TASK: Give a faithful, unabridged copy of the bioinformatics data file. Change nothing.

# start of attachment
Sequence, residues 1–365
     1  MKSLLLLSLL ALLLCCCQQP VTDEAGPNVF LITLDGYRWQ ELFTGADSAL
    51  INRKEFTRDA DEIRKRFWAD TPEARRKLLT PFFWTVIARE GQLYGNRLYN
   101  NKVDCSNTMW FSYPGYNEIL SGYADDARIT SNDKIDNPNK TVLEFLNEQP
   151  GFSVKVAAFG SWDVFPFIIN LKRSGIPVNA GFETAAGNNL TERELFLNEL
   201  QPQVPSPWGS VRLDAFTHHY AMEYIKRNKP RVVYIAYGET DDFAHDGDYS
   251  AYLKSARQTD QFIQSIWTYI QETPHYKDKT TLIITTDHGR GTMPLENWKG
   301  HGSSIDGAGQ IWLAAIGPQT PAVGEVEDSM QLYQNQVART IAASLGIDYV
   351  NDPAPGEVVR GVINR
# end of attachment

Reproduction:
Sequence, residues 1–365
     1  MKSLLLLSLL ALLLCCCQQP VTDEAGPNVF LITLDGYRWQ ELFTGADSAL
    51  INRKEFTRDA DEIRKRFWAD TPEARRKLLT PFFWTVIARE GQLYGNRLYN
   101  NKVDCSNTMW FSYPGYNEIL SGYADDARIT SNDKIDNPNK TVLEFLNEQP
   151  GFSVKVAAFG SWDVFPFIIN LKRSGIPVNA GFETAAGNNL TERELFLNEL
   201  QPQVPSPWGS VRLDAFTHHY AMEYIKRNKP RVVYIAYGET DDFAHDGDYS
   251  AYLKSARQTD QFIQSIWTYI QETPHYKDKT TLIITTDHGR GTMPLENWKG
   301  HGSSIDGAGQ IWLAAIGPQT PAVGEVEDSM QLYQNQVART IAASLGIDYV
   351  NDPAPGEVVR GVINR